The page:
Should You Consider Working Out on Stilettos?

High heels don't have be a cause for soreness and twisted ankles

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Women walk on high heels all the time, so why not work out on them as well? The usual suspects are present: Squats, sit-ups, stretches, pelvic lifts…and stilettos.  

Fitness classes centered on elevated footwear are offered all across the country after Heel Hop and Stiletto Strength popularized them. People in favor of such workouts say they tone curves and focus on core strength, which helps women feel more stable and confident when wearing high heels in general.

Podiatrists have been warning for a long time that walking on high heels hurt your feet and body in many ways – from shortening the Achilles tendon in the ankle to pressuring the discs in the spine by because women have to push their hips forward for balance.

Then why does working out in them make sense? “There are solutions that are safe,” says Avital Zeisler a world-renowned hand-to-hand combat expert and creator of the Soteria Method that teaches women how to use traditionally feminine items like high-heels to defend themselves.

Zeisler, who was a victim of sexual assault, says she developed the self-defense training that includes high heels, after deciding she would not compromise her ladylikeness in order to be and feel safe. “I am going to embrace my femininity.”

If you wear heels that are the right height and learn how transfer the weight equally on both feet when walking, then you won’t wake up sore or with a twisted ankle. You can actually get more toned bottom and fitter thighs.

Doing squats and lunges while wearing stilettos makes you feel leg muscles you may have not known you even had because the exercises makes them work very hard – you have to keep your balance while stepping and kneeling back and forth. Doing lower body moves with the ankles lifted make the calf, hip and leg muscles – even the tiny ones – work much harder.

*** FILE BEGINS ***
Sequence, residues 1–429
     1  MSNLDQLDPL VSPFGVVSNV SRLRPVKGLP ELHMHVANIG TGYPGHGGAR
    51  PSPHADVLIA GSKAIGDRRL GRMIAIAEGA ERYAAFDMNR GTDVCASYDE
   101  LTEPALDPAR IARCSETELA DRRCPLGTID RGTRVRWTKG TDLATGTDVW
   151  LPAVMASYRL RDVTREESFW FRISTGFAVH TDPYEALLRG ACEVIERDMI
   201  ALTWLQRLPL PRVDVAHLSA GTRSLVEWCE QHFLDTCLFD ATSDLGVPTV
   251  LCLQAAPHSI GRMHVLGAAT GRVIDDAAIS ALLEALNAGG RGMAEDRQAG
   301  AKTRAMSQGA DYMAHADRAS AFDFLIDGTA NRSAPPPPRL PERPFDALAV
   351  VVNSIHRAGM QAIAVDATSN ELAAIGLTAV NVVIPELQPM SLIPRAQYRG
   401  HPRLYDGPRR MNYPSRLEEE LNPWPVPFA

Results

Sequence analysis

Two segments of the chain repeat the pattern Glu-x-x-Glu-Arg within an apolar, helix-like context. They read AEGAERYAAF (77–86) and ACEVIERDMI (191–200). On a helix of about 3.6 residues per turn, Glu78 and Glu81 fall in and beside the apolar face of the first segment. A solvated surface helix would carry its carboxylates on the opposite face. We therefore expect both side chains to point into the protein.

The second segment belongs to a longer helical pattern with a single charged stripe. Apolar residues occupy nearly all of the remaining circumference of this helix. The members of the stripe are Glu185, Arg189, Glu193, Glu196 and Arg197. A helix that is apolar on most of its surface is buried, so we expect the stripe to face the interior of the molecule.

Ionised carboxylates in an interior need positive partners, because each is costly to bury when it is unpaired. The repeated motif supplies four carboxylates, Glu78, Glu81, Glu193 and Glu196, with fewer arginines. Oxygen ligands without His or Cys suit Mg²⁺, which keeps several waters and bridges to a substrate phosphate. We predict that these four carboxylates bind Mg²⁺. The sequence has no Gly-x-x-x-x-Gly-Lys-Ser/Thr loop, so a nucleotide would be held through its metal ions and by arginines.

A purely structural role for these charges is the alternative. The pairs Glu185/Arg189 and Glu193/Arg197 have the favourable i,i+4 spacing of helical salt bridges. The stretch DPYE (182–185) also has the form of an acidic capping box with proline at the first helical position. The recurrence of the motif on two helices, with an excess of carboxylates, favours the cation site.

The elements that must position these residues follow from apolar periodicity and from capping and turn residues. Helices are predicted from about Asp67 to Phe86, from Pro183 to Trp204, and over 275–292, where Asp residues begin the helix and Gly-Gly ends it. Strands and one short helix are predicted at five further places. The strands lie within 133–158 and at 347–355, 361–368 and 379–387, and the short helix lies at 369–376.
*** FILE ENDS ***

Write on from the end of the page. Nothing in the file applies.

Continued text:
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That's why squats are a favorite exercise. You have to lower your body even more than usual because of the added height from the heels. That works your calves and hips so hard, you may feel like they are burning.

Zeisler even has women run with stilettos but not all the time. Her method focuses on self-defense, which implies running from danger. “We start without the [stilettos],” she says. “Then when the women het comfortable, we introduce heels.” The point is to find a running speed with the shoe you have on.

Zeisler doesn’t recommend a heel higher than 3 inches. The beginning always includes short heels, which get higher with time and training. “When they approach 3 inches, then they start to get too high [for workouts]. It’s all about feeling comfortable.” As for the kind of stilettos you want to have for workouts, look for thick heels, Zeisler says. The shoes have to feel comfortable, provide support and be flexible where the arch of the foot is.

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